Dubai Islamic Bank (DIB) plans to open a Shari’ah-compliant arm in Kenya by year-end after receiving “in principle approval” from Kenyan regulators this month — marking the first of several planned moves that will see the lender expand across international markets.
“We have a global agenda, across international businesses and international geographies. It will be there on the horizon but we don’t anticipate that our international businesses will substantially contribute in 2015. There’s a gestation period,” said CEO Adnan Chilwan. Our strategies went through the litmus test in 2014 and I see no reason why 2015 will be any different for us.
DIB will operate under the name DIB Kenya in the East African country, where the lender will hold a 70% stake in the bank while ceding a 30% to local partners pending its final license.
The comments came after DIB, the UAE’s largest Shariah-compliant lender, reported a 63% increase in profit in 2014, rising from $462m in 2013 to $762m, while its gross revenue rose by 20% from $1.44bn in 2013 to $1.71bn.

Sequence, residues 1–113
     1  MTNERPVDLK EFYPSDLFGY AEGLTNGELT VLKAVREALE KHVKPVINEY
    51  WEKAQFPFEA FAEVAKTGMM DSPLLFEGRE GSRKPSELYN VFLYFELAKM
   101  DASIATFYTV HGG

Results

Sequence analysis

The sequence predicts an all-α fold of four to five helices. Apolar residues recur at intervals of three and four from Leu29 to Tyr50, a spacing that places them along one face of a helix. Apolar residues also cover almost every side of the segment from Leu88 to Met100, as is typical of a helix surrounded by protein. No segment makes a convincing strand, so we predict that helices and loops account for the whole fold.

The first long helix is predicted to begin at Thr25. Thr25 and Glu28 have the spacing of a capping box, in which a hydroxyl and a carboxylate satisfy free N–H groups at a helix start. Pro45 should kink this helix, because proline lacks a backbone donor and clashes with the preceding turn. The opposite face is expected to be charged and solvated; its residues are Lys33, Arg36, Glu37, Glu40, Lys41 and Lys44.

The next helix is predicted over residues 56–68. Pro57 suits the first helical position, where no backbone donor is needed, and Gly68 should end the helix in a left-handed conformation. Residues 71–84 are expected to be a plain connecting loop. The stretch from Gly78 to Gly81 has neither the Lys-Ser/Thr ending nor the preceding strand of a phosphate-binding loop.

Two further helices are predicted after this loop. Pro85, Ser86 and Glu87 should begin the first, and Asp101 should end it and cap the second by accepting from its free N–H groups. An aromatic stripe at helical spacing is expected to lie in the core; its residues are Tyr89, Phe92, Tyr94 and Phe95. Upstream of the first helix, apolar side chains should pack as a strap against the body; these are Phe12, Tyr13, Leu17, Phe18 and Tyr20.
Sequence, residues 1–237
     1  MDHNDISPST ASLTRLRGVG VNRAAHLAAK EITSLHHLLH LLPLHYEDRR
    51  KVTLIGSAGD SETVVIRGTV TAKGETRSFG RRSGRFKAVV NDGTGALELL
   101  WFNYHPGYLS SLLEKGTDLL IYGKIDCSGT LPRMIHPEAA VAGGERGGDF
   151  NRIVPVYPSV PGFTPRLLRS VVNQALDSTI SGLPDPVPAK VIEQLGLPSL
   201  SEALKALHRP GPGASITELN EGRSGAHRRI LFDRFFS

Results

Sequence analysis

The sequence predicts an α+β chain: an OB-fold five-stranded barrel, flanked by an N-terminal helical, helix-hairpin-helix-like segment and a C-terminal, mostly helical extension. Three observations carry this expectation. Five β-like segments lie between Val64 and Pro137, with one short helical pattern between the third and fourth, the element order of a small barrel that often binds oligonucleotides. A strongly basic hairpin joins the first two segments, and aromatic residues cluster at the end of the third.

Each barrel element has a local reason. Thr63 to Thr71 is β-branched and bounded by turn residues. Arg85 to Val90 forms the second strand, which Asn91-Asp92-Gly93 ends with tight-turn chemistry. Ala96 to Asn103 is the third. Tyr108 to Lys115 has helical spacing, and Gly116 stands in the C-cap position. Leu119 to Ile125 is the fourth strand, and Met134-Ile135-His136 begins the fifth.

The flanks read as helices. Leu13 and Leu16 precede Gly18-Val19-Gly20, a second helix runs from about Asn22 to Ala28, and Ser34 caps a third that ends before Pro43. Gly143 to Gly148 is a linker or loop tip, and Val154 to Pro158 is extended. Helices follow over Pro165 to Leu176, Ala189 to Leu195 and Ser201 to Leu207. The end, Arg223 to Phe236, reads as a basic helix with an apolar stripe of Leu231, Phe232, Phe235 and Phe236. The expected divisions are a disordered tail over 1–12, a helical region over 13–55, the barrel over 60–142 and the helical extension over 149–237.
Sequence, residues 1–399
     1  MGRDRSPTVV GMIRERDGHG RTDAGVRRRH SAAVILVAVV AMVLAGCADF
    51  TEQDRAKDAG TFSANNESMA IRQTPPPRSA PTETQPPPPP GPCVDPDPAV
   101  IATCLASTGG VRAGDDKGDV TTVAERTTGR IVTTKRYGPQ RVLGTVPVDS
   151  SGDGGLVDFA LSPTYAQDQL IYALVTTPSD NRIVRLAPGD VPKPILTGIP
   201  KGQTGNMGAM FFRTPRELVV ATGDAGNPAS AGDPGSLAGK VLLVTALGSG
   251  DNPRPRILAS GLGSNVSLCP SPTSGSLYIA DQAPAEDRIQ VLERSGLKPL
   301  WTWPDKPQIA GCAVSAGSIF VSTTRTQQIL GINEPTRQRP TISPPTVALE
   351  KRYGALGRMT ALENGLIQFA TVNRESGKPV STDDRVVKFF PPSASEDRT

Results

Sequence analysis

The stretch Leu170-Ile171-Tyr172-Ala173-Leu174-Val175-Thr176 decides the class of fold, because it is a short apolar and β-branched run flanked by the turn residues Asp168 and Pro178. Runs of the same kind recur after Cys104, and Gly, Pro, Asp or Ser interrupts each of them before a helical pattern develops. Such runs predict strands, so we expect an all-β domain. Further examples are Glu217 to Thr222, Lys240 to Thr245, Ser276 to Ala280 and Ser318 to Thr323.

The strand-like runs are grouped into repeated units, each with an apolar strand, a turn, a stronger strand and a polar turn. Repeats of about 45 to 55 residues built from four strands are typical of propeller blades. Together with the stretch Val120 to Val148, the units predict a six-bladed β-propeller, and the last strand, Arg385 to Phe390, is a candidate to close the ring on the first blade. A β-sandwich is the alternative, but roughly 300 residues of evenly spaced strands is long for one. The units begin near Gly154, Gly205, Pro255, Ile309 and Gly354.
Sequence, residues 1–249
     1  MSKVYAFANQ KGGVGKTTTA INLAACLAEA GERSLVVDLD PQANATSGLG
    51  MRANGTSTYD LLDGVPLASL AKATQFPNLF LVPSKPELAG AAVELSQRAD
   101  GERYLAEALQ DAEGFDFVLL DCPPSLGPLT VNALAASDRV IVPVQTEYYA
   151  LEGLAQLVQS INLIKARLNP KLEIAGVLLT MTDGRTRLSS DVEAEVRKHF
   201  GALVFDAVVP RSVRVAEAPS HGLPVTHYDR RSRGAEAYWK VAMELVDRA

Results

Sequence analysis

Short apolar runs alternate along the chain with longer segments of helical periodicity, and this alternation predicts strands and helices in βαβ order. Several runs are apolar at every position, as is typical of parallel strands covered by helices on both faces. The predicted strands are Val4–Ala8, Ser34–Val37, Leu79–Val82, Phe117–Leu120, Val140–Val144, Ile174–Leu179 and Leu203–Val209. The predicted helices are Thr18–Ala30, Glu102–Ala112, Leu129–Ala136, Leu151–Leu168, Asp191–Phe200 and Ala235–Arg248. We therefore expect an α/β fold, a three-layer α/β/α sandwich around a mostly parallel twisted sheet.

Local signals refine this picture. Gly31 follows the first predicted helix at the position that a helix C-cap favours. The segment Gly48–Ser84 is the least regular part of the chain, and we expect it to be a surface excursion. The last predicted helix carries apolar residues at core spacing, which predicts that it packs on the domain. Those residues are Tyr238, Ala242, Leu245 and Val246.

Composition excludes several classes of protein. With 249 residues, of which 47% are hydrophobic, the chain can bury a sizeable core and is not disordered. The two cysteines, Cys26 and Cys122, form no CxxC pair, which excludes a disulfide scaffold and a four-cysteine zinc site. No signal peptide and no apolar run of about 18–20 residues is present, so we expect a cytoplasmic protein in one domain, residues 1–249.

“Economists looked at 2014 to be a very challenging year for the right reasons, but we’ve grown high double digits. Our strategies went through the litmus test in 2014 and I see no reason why 2015 will be any different for us,” continued Chilwan. Related article Hapag-Lloyd invests in growing East African market
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DIB’s assets at the end of 2014 stood at $33.7bn, a figure 9% higher than the previous year and reflecting a higher rate of climb than the UAE economy average of 4% growth.
Recent weeks also witnessed Saudi-based Islamic Corporation for the Development (ICD) purchase a 40% stake in Dakar-based Tamweel Africa Holding from Turkey’s Islamic Bank Asya.
The previous year also witnessed the first sukuk in South Africa, a $500m facility that was debuted with the assistance of Kuwait Finance House — a development that was only the third of its kind for a non-Muslim country sukuk listed in the United Kingdom and Hong Kong.
It has also been noted that in the sukuk market, Africa holds the greatest medium-term potential, with governments and private entities enthusiastic to tap into the Shari’ah-compliant finance mechanism to support a wide range of upcoming infrastructure projects.
Our strategies went through the litmus test in 2014 and I see no reason why 2015 will be any different for us.